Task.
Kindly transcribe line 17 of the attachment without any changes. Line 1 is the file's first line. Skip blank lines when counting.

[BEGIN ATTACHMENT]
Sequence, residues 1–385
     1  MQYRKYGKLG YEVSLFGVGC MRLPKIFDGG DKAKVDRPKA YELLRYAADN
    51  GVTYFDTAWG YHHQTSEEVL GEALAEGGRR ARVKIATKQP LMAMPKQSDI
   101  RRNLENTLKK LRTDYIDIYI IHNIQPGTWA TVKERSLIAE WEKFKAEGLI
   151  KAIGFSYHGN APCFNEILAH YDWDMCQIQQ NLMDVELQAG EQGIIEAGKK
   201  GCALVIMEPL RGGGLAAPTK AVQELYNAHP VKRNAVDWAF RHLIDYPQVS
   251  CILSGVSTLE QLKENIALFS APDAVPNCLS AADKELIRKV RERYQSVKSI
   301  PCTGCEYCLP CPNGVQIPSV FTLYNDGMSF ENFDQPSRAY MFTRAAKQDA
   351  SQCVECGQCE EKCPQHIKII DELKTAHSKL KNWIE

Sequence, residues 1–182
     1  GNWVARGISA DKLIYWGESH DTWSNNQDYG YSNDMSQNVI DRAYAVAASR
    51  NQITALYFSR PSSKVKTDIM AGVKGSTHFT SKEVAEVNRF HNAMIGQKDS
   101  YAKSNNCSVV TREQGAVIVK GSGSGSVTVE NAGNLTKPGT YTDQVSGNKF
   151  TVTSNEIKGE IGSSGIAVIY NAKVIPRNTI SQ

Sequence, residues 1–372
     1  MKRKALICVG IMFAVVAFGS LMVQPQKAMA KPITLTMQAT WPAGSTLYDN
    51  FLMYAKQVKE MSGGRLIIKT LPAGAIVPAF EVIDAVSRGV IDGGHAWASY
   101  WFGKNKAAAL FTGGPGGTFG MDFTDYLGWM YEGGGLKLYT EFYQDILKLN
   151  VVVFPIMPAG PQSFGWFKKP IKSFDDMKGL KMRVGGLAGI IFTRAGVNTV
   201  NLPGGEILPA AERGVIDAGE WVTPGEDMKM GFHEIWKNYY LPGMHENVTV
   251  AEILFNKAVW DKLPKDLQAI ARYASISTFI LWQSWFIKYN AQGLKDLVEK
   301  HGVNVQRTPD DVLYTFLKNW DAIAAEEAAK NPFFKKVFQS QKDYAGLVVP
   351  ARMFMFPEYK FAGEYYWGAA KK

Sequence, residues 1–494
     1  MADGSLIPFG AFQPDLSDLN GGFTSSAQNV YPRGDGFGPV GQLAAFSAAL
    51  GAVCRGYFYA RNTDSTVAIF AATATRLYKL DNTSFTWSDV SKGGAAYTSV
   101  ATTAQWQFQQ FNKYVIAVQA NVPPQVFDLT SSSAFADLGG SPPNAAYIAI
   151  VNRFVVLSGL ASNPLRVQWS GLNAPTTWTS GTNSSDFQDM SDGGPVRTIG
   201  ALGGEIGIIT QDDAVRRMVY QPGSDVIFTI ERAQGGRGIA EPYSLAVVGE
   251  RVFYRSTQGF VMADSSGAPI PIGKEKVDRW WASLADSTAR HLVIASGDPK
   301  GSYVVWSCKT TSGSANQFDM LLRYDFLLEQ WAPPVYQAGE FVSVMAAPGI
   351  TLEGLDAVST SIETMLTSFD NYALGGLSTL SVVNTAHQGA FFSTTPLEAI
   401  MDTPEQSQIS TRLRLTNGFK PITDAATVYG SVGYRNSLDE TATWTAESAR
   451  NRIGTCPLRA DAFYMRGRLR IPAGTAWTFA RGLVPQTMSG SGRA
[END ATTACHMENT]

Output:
    51  FLMYAKQVKE MSGGRLIIKT LPAGAIVPAF EVIDAVSRGV IDGGHAWASY